Bo snaps when the paparazzi chase the Laramies in their SUV, flashbulbs popping, causing a gruesome collision between Bo's family and a random motorist. Rather than help the injured family -- the crash lands Zach in a coma -- the photogs shoot a few pix of the wrecked car and its passengers then scurry off. (As Abascal notes, "These paparazzi are very sleazy guys." Kudos to makeup department head Scott Eddo for showing some restraint and not asking the paparazzi guys to grow Snidely Whiplash moustaches.)

For the remainder of the movie, Bo stalks the paparazzi with an obsessiveness that trumps their stalking of him -- but it's okay, because he's defending his family. The film doesn't explore the thin psychological line separating the two camps, at least not in any way comparable to, say, Straw Dogs. Bo gets down in the muck with the bad guys, and the audience is supposed to root for him. Period.

He finds time between anger management classes and hours on the set of Adrenaline Force 2 to pick the paparazzi off, one by one. He nudges one off a cliff (in a scene Abascal introduces by saying, "This is a funny moment here") and plants a gun on another, causing police officers to shoot him, "suicide-by-cop"-style, when he inadvertently brandishes it at a traffic stop. It sickens me to say there's a Rube Goldbergian kickiness to these murders, but they're downright clever when compared to the baseball bat-beating Bo administers to Wendell Stokes. The assault takes place off-screen; Abascal admits that test-screening audiences found an onscreen beating made Bo less sympathetic, as if not actually seeing Bo club a man to death makes it okay.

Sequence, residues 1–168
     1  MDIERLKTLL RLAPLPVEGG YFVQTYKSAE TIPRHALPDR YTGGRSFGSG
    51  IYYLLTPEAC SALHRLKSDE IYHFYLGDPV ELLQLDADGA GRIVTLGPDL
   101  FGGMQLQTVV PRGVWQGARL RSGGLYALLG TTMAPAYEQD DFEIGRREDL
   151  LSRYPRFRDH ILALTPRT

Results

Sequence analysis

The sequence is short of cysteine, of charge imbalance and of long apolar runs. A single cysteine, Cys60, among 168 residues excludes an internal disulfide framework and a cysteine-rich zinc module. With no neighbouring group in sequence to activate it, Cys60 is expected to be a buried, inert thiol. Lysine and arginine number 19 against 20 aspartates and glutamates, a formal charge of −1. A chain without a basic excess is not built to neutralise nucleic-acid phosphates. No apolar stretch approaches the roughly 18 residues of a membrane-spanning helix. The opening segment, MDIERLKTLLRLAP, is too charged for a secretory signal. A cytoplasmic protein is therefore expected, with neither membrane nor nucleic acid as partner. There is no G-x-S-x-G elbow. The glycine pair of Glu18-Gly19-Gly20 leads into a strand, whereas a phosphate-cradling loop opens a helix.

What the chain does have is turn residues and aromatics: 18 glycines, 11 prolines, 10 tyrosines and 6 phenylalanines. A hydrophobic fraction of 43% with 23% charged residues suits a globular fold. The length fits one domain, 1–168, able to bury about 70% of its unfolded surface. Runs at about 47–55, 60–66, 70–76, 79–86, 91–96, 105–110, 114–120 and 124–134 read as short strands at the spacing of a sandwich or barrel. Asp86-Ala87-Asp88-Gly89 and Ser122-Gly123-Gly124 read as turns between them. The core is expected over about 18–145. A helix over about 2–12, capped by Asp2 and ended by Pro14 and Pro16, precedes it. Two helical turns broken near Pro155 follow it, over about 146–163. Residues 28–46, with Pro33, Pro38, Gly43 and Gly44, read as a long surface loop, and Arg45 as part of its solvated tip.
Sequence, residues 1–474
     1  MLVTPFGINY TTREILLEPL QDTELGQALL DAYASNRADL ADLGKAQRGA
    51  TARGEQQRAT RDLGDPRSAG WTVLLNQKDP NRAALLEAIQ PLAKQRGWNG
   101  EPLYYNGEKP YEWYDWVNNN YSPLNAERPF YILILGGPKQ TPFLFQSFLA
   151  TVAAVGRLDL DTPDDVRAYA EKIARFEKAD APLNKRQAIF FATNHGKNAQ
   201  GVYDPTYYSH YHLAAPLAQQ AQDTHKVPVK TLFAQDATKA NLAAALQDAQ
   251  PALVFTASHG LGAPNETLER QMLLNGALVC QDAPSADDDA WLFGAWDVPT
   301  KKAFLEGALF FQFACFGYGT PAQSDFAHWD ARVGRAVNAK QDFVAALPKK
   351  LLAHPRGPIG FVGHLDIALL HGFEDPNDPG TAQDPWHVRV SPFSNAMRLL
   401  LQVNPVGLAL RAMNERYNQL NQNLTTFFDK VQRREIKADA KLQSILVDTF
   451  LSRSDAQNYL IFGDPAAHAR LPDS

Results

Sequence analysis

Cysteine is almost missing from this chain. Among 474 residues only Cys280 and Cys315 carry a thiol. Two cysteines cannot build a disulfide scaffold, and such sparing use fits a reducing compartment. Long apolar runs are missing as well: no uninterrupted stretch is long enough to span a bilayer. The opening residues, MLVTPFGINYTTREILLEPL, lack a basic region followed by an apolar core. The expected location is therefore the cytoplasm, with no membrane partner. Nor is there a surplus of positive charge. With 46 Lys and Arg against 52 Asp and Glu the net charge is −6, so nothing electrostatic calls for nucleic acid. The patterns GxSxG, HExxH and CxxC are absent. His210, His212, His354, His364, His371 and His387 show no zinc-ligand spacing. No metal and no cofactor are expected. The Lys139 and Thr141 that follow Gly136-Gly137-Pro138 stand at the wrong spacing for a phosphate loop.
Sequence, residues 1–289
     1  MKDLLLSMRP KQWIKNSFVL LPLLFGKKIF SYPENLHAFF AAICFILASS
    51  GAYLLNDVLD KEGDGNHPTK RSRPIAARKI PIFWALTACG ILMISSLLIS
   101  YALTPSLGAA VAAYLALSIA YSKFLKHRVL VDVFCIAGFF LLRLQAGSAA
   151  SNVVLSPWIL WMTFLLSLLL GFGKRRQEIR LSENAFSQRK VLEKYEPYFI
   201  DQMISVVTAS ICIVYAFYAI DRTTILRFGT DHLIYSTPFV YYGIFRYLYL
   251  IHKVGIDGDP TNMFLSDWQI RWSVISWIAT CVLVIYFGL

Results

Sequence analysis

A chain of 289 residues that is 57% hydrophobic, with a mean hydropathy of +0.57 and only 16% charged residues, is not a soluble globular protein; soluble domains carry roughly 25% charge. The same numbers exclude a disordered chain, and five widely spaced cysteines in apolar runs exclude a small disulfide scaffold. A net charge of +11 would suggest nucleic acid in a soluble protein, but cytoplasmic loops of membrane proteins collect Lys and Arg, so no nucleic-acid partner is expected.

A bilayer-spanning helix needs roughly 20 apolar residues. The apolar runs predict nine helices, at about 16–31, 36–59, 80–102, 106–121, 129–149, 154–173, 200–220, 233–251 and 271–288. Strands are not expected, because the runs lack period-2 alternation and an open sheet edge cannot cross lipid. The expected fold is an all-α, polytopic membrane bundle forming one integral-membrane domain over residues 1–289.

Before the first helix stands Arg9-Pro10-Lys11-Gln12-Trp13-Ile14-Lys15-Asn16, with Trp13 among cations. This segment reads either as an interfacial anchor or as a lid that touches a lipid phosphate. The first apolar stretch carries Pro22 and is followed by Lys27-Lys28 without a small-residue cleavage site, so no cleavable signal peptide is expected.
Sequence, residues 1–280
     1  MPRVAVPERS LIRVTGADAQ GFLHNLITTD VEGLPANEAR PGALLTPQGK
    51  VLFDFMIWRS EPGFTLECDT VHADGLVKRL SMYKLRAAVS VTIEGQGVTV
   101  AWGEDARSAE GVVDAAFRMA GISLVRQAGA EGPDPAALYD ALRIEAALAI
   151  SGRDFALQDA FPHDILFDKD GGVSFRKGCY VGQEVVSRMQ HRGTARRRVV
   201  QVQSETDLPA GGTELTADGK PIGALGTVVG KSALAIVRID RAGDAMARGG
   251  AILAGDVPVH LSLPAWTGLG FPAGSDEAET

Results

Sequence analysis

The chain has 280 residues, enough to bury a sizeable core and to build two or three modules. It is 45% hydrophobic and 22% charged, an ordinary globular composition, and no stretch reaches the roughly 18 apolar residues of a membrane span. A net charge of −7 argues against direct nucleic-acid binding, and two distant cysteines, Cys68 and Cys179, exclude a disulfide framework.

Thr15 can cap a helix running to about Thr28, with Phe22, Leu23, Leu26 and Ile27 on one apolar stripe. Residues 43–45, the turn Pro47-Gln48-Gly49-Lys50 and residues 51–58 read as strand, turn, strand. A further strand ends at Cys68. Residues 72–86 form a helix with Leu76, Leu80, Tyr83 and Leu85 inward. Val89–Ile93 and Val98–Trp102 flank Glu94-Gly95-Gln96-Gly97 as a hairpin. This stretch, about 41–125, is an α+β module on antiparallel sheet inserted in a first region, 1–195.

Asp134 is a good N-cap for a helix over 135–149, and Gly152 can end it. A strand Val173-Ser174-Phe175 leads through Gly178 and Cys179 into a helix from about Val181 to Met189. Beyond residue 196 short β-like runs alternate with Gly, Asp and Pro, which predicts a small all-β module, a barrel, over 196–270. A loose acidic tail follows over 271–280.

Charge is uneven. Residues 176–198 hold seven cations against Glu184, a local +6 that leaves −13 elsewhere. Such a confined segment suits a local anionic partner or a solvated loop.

Meanwhile, Detective Burton (Dennis Farina), originally assigned to investigate the Laramies' car crash, can't help but notice that the paparazzi involved in the accident keep turning up in the morgue. Burton's onto Bo, piecing together clues, but he lets the actor seek revenge. Bo completes his revenge by beating the hell out of Rex when the latter comes to kill him, because (all together now) the guy's defending his family. And Rex gets his ironic comeuppance when police lead him out of the Laramie home in handcuffs and a swarm of paparazzi descend upon him, inundating him with questions and flashbulb pops. Meanwhile, in what may be one of cinema's smallest character arcs (even for an action film), Bo attends the premiere of Adrenaline Force 2 and, having been purged of his paparazzi-fueled rage, trades good-natured barbs with a smart-aleck photographer.